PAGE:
Exchanging their vows in front of two computer screens and a blue backdrop was not how Jeremy Gan and Lim Ding Yi had envisioned their wedding to be like. Yet today (May 20), this was the setting as the pair made their union official.
The two were amongst the first to have their solemnisation done via video link in Singapore after Parliament passed the Bill on May 5. Their solemnisation took place in the morning in their new flat and was conducted over Webex.
They were advised to keep the ceremony small, as sensitive information, such as identification cards, would be shown over the camera. Hence, only family members were part of the Webex call.
To allow more friends and family to participate in the festivities, the duo also set up a second computer with a Zoom call while the ceremony took place, with about 60 people turning up. "It was more than we had expected, especially since we only sent out the Zoom invite the day before at midnight," said 28-year-old Gan.
The entire ceremony took 45 minutes, with the initial 10 to 15 minutes spent sorting out technical difficulties, according to the analyst. "But after that, everything was smooth sailing and we could all hear one another clearly throughout the ceremony."
A few days notice and a haircut the night before
Lim shared that as they had been only given their solemnisation date and timing on May 15, it was a rush for them to prepare for the ceremony.
The couple had been staying apart in their respective family homes since the start of the circuit breaker. Yesterday evening, after they completed their work, was the first time they had seen one another in person since April.
And yes, they had checked to ensure that they weren't breaking any rules. "We were told we can move to a new home, but once we do so, we can't visit our families anymore to minimise cross-infection," shared the 26-year-old programme executive.
They spent the night tidying up their marital home and preparing for their wedding today. One of the more unique things they did — the bride-to-be cut her groom's hair.
It was Lim's first time handling hair ever but "I think I can pass," she said of her results.PHOTO: Lim Ding Yi
The couple's adventurous spirit explains why they decided to go ahead with a virtual solemnisation as they were game to try something new. And they tried their best to give their special day a unique touch with the blue screen set-up that they borrowed from a friend.
"For Zoom guests, they got to see us exchange our vows in front of a castle backdrop," said Lim. The castle is of significance to them as the proposal took place at Hong Kong Disneyland and they were supposed to visit Disneyland in the US for their honeymoon.
Changing year-long plans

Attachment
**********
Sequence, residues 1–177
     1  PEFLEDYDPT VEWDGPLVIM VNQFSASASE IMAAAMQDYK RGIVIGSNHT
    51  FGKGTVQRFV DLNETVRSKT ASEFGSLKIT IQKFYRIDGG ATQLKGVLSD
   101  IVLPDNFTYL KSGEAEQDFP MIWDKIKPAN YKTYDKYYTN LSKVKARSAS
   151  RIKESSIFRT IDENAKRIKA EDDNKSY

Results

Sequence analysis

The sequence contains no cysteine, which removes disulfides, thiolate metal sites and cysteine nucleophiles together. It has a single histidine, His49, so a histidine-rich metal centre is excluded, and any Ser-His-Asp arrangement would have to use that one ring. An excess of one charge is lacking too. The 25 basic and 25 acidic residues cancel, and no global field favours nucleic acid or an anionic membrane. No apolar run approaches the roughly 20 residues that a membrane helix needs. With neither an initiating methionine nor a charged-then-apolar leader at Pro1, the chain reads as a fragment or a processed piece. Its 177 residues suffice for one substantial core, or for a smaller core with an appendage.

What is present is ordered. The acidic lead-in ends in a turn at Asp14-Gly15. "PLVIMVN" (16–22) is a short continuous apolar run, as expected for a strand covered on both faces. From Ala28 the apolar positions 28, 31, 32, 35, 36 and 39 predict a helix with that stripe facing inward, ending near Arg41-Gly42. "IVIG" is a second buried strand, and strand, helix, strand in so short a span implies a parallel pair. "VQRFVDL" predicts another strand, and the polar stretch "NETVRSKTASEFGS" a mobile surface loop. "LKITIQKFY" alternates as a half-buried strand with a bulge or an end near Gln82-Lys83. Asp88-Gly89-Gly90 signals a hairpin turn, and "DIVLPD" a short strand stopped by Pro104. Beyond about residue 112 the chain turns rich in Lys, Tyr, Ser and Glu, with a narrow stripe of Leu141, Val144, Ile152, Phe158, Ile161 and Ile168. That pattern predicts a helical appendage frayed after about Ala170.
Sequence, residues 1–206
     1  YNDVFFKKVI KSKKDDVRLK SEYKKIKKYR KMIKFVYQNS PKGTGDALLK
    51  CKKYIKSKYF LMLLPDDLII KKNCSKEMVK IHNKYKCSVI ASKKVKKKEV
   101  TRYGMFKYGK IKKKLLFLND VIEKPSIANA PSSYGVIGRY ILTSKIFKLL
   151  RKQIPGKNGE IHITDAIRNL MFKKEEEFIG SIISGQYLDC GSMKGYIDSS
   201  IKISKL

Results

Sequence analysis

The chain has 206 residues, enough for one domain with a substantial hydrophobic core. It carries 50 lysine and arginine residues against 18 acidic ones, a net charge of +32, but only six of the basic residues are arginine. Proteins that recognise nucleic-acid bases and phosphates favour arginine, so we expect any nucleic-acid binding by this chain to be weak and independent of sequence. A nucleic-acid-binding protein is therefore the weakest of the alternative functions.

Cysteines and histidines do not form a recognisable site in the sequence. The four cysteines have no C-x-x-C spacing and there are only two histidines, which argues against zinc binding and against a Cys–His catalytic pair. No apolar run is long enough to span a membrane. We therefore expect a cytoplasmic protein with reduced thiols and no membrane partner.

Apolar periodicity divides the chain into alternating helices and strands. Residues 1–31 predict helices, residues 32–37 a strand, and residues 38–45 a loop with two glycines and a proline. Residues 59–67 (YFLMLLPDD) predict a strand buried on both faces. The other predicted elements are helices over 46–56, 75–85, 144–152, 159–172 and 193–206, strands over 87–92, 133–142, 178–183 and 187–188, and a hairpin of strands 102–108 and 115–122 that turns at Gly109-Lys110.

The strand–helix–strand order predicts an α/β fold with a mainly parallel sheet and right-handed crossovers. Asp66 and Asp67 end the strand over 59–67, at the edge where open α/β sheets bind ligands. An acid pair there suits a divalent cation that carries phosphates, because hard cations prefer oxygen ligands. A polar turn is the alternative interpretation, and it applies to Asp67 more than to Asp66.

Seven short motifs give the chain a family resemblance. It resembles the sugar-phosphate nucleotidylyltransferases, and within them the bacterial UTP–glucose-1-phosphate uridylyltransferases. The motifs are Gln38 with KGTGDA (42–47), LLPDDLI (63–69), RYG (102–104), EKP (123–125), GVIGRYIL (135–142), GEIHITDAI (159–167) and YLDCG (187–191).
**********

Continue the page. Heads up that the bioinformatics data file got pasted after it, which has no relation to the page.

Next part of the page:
The pair had initially planned to have their wedding solemnisation and banquet on May 8 and had made their booking nearly a year in advance.
However in February, when the Covid-19 situation started to worsen, they started making changes to their initial plans. "The rules kept changing every few days, with the number of guests allowed constantly reducing," said Gan.
Despite everything, they held out hope that their May 8 date could still go ahead with a small ceremony. That is until the extension of the circuit breaker to June 1.
Though the Registry of Marriages (ROM) had offered to waive cancellation charges for affected couples, Gan and Lim had caught wind of the possibility of doing a solemnisation via video call and declared their interest to ROM. "We didn't expect to be amongst the first to do our solemnisation via video in Singapore," shared Gan.PHOTO: Lim Ding Yi
They added that officers from ROM and the Ministry of Social and Family Development (MSF), as well as their Justice of Peace, were very helpful with running through what to expect and how to best prepare for the ceremony. "They suggested decorating the place a bit, which we did and are glad we took their advice," said Lim.
Though it was announced yesterday that physical solemnisations would likely be allowed after June 1, the pair has no regrets going ahead with their virtual ceremony.
Sharing that they were usually game for new experiences, Lim said: "It was a new and novel method to get married and we didn't lose out as our friends and family were able to witness it. In fact, my parents were very supportive and excited that we were getting married on a virtual platform."
Said Gan: "With the current situation, we were tired of having things constantly change and decided, 'just give us a date and we'll make it the best day ever for us to get married.'"
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